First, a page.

How dirty can energy be?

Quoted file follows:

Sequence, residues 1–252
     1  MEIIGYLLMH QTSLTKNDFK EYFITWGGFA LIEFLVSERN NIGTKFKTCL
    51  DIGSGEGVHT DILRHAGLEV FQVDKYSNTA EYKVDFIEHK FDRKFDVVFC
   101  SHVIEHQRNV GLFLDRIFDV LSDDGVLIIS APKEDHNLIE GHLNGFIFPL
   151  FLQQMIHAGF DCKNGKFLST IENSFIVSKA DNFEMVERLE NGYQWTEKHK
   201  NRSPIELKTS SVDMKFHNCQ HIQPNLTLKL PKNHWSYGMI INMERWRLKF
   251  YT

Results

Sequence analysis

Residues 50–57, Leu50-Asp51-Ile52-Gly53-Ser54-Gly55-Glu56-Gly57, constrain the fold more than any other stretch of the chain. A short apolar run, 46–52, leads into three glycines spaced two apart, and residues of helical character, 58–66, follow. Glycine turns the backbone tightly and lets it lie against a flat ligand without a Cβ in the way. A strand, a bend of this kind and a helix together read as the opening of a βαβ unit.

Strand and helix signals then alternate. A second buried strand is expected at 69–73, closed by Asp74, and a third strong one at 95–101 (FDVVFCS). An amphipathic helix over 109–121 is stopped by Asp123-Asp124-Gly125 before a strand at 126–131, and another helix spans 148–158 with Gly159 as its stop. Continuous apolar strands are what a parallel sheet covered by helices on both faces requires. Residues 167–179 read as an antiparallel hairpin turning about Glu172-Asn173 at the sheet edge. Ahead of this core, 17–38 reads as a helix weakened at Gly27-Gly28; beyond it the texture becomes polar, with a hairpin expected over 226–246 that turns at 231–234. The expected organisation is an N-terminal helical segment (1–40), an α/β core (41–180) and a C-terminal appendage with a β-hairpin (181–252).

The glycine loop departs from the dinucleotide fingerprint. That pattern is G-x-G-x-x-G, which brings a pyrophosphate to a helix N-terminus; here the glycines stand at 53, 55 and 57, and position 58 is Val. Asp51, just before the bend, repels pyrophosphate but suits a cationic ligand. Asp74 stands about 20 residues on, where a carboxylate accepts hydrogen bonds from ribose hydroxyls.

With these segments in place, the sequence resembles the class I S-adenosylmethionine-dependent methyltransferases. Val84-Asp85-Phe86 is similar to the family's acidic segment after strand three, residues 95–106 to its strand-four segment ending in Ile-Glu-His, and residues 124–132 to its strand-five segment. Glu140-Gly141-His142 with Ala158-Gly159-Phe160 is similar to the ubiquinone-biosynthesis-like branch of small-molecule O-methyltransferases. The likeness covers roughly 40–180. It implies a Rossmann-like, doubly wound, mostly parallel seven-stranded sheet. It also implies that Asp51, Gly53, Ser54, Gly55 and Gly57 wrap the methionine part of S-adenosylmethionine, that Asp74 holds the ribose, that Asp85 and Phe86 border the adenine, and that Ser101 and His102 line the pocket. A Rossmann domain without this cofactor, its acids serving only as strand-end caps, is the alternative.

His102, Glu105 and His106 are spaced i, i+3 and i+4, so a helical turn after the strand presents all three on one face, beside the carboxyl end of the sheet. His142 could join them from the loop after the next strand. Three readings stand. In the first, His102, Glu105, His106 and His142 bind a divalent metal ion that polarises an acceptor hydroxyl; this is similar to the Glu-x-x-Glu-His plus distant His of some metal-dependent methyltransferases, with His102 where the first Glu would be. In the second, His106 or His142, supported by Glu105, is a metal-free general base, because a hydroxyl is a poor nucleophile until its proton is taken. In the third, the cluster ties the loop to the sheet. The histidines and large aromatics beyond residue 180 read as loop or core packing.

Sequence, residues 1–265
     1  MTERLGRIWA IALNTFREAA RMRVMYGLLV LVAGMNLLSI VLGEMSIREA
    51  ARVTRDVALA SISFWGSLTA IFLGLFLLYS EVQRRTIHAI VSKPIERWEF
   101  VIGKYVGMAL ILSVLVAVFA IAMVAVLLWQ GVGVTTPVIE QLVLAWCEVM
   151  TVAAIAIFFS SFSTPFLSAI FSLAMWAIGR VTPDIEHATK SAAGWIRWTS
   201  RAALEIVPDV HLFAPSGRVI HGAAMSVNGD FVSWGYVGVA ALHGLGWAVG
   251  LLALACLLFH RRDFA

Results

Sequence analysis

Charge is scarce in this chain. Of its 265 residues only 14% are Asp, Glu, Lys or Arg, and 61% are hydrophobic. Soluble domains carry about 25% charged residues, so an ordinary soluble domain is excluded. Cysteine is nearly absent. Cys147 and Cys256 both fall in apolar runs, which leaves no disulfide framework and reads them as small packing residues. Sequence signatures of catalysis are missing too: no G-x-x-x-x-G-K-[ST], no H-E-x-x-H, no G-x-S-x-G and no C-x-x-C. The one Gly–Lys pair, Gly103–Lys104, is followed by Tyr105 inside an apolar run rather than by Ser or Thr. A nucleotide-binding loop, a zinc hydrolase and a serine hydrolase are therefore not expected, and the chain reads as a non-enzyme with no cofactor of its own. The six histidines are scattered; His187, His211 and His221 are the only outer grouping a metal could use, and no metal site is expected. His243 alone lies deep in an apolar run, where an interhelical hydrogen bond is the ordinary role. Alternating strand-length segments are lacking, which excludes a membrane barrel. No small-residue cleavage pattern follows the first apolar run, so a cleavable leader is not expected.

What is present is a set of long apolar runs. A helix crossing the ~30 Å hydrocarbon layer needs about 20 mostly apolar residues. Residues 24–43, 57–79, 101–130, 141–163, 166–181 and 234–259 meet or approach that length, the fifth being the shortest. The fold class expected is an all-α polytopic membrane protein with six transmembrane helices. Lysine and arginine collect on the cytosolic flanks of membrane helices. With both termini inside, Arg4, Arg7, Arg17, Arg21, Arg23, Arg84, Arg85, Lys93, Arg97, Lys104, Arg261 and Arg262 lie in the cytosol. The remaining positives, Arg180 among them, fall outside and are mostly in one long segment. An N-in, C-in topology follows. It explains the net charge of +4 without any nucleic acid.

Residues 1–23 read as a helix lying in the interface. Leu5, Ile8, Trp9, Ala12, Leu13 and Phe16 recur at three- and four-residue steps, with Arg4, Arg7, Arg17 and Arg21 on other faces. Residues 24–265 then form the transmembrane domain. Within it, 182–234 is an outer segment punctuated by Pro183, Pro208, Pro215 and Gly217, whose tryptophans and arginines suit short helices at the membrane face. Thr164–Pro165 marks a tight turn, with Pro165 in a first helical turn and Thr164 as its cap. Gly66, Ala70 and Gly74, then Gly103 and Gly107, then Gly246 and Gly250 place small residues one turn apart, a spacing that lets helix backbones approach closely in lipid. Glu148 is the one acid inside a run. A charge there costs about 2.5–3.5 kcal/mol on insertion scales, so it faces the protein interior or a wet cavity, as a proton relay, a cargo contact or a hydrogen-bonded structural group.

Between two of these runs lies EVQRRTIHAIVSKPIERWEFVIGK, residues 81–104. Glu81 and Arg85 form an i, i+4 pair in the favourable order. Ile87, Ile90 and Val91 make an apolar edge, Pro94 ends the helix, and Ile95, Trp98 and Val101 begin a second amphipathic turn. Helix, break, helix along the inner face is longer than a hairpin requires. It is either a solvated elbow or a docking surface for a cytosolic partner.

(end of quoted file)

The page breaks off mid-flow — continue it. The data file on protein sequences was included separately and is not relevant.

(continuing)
Energy is not and cannot be dirty, yet the journey round Pripyat on which we were taken by Nikolaus Geyrhalter, Austrian documentary maker, just 12 years after Chernobyl, whispers other thoughts terrifyingly into our ears. Pripyat is a town with a population of 40,000, located on the river of the same name, hard by Chernobyl, i.e. the nuclear power plant. During the making of the film, Pripyat was an area called Forbidden Zone, with just a few perversely nostalgic (or terribly ignorant and poor) oldsters, no birds and no mice, with highly radioactive fish in the river. A dead city, the population of which − scientists, physicians and soldiers − were trucked in each day to work. It is amazing, the level of ignorance and lack of information among these people, whose jobs and lives were completely focussed on security, supervision and monitoring conditions in the Zone, a thirty km radius around the power plant in which on April 26, 1986 a nuclear catastrophe occurred, one the scale of which cannot be compared with the bombs dropped on Hiroshima and Nagasaki put together. The answers given are melancholic blank stares and shrugged shoulders. One cannot penetrate their motives, cannot understand them. Was it just a sheer struggle for existence in a state that was bursting at the seams, or were their lives indeed dedicated to the higher objective of collecting as much information as possible in order to avoid any new accident? Everyone has his own job, but they can’t show us the broader picture of their life and work? Director and scriptwriter Geyrhalter doesn’t even try to find an answer for us. He shoots, listens and moves through the Contaminated Zone, dead Pripyat.